The 322RC out of the box is in the 'horizontal' format (as shown above) with the quick release platform on the camera plate that sits astride the base of the grip above the ball. In the packaging is a small gauge allen key which is used to remove the camera plate with its quick release platform and relocate it to suit your needs. It can be fitted in 3 different positions in the horizontal manner both for left and right handed use and the platform can be fitted to the end of the grip handle (either way round) transforming it into a vertical grip. This is especially useful for macro and/or low level work with the tripod stem reversed as the grip protrudes some 9" from the stem allowing you to position the camera out between the tripod legs and still maintain high stability. In all there are 12 configurations; changing the configuration needs only the allen key and takes no more than a few minutes.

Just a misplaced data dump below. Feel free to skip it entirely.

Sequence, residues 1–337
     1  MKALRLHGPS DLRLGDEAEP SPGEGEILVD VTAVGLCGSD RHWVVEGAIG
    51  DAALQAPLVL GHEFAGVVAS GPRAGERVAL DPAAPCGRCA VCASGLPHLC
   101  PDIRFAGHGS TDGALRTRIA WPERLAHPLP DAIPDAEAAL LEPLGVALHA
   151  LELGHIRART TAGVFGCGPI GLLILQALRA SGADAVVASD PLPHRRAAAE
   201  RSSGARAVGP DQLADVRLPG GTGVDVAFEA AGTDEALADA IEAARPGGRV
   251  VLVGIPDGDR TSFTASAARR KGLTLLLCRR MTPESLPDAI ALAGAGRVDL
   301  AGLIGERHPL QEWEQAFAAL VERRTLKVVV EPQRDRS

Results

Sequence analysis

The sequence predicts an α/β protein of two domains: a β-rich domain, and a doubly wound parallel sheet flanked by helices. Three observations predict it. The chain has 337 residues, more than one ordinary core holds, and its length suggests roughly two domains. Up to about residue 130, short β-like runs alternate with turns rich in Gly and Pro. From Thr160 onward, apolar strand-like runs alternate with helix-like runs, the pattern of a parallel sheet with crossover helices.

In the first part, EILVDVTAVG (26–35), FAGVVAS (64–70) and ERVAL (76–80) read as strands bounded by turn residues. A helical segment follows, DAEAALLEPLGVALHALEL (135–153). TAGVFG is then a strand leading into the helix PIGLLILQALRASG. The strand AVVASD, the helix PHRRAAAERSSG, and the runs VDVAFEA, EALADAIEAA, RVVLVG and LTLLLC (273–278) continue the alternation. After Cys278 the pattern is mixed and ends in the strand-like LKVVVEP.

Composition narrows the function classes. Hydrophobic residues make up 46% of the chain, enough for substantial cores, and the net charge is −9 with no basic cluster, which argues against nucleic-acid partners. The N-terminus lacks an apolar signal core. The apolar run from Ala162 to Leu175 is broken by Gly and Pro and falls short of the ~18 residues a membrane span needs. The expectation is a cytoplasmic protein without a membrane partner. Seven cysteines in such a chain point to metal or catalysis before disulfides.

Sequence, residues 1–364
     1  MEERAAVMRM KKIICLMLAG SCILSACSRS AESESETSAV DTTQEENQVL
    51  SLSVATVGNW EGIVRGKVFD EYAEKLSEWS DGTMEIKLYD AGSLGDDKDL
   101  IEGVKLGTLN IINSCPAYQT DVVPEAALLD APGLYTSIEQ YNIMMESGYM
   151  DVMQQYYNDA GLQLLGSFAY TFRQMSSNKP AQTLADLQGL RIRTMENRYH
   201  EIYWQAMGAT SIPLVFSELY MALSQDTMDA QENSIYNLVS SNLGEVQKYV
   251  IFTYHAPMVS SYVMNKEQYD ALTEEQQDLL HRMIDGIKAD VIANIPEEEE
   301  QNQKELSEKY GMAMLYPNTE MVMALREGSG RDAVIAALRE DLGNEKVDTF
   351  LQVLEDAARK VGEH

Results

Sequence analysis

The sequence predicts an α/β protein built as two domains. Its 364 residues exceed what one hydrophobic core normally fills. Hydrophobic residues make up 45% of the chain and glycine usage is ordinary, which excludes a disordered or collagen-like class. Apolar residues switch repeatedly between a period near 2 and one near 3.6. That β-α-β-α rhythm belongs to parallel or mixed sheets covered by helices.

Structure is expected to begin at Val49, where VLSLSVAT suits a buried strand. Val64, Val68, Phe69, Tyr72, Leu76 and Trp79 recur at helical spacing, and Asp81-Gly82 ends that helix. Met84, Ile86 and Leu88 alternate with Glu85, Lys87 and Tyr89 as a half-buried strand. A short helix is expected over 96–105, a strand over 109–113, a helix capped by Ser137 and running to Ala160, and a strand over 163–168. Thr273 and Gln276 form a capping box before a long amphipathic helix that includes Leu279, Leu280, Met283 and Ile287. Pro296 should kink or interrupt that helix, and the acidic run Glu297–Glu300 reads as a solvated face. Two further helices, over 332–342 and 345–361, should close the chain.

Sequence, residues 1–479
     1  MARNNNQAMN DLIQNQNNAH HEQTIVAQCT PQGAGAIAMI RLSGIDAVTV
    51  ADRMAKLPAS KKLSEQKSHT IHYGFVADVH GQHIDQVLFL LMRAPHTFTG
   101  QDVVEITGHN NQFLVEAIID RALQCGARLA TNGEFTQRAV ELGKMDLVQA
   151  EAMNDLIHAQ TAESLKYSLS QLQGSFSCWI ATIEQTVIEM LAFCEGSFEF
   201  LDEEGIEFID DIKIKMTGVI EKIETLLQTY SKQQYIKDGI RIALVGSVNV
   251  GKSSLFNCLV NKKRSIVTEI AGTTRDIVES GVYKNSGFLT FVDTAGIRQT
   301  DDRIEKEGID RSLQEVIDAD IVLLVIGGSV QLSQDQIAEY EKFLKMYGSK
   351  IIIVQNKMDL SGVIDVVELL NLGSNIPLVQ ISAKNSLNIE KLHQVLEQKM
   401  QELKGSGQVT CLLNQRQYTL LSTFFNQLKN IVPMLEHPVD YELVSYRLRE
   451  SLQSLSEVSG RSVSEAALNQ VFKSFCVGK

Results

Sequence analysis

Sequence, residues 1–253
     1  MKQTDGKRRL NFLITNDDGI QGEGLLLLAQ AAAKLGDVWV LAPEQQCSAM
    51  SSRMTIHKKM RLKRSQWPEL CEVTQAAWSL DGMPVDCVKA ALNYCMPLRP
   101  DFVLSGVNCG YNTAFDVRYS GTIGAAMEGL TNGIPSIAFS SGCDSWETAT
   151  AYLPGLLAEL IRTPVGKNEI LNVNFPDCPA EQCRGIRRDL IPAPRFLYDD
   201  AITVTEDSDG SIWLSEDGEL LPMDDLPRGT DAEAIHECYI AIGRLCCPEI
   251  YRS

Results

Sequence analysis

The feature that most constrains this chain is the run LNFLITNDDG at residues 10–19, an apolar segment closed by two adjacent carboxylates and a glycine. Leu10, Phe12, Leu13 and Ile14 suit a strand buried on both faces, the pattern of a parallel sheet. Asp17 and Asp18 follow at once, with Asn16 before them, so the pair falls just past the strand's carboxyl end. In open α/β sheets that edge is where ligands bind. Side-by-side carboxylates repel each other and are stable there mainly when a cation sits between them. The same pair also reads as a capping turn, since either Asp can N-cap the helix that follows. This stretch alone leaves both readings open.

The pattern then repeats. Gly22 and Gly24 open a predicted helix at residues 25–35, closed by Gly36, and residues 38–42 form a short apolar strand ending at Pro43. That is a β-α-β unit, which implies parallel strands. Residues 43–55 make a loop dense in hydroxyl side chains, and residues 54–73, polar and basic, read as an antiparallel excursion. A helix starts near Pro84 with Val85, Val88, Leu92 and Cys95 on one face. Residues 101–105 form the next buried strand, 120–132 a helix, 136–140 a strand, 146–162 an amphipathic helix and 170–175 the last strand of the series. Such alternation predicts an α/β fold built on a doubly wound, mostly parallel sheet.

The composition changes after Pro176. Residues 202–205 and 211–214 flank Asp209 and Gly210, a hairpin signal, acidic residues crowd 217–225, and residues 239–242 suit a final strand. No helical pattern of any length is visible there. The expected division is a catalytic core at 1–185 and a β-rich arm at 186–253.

Fitting the head to the tripod is very simple. Manfrotto use a connecting system that consists of a receiving plate immediately on top of the tripod stem piece which has a threaded upstand. All accessories have a threaded indent which screws onto this upstand. Once the new top piece is screwed on there are also three set screws tapped into the receiving plate that are tightened to lock the accessory plate and stop it from unscrewing. It takes a couple of minutes.


My missus was first to use the new head; she had some costume jewellery to photograph in macro. After a bit of messing about it was soon obvious that the inverted stem with the grip in the vertical mode was the best option. She had no difficulty operating the grip although I did slightly loosen the tension. Her camera is the lightweight Olympus C70 so it was no challenge for the new head. It was great to use the menu buttons on the back of the camera whilst in situ without worrying about head 'sag'. With lightweight compacts or small SLR/DSLR it is easy to use the grip single handed - which is one of its design goals. This makes tripod work in restricted or difficult areas a joy rather than a chore.